Linking one’s Apple ID to a credit card may seem like a wonderfully convenient idea, but it’s also something of a security risk without proper protections in place. As was bound to happen with readily accessible digital purchases, kids racked up excessive and expensive in-app purchases in the games parents had downloaded for them. Part of this was tied to an oversight in which, for the first fifteen minutes after downloading an app like Angry Birds, in-app purchases can be made without a password.
Apple has now set up a webpage at which parents can apply for compensation. Such recompense includes iTunes credit ranging from $5 to the amount spent on in-app purchases within a 45-day window, but if the claim is greater than $30 or the claimant lacks an iTunes account at this point in time, they can instead claim a cash refund. Parents, though, still have to prove that they did not authorize the purchase.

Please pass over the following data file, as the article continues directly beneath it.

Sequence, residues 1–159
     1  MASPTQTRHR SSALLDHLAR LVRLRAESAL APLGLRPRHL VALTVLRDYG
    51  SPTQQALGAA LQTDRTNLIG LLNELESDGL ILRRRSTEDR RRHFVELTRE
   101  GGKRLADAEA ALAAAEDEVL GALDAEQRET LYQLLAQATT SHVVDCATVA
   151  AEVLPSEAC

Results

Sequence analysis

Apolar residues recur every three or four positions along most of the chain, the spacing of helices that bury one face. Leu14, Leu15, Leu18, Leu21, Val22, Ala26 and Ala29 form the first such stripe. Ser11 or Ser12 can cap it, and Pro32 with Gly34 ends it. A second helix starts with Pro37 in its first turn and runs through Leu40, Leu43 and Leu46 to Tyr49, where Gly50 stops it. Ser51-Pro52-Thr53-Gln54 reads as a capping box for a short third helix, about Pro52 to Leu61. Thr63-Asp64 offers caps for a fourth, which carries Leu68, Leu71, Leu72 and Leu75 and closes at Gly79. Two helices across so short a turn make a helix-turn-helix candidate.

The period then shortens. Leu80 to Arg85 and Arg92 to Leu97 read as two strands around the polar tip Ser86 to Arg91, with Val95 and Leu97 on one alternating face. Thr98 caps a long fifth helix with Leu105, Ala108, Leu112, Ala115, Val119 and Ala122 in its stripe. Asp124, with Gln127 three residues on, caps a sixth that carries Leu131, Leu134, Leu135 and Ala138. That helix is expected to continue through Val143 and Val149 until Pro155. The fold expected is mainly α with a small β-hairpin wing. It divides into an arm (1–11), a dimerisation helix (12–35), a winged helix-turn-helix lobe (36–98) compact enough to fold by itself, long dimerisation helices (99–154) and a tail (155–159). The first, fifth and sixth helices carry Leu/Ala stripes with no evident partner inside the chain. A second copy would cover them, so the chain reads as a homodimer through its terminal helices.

It’s a little late, since this has been a known issue for a while (as it was with Xbox Live, which kept credit cards on file and allowed anyone using the console to make purchases with that card), but it’s certainly a step in the right direction.